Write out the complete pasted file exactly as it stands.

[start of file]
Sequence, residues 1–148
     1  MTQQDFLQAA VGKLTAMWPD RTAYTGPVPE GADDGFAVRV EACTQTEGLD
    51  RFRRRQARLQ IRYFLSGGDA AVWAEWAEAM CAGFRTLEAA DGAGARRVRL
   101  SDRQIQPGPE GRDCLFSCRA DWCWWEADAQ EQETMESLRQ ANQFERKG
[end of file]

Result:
Sequence, residues 1–148
     1  MTQQDFLQAA VGKLTAMWPD RTAYTGPVPE GADDGFAVRV EACTQTEGLD
    51  RFRRRQARLQ IRYFLSGGDA AVWAEWAEAM CAGFRTLEAA DGAGARRVRL
   101  SDRQIQPGPE GRDCLFSCRA DWCWWEADAQ EQETMESLRQ ANQFERKG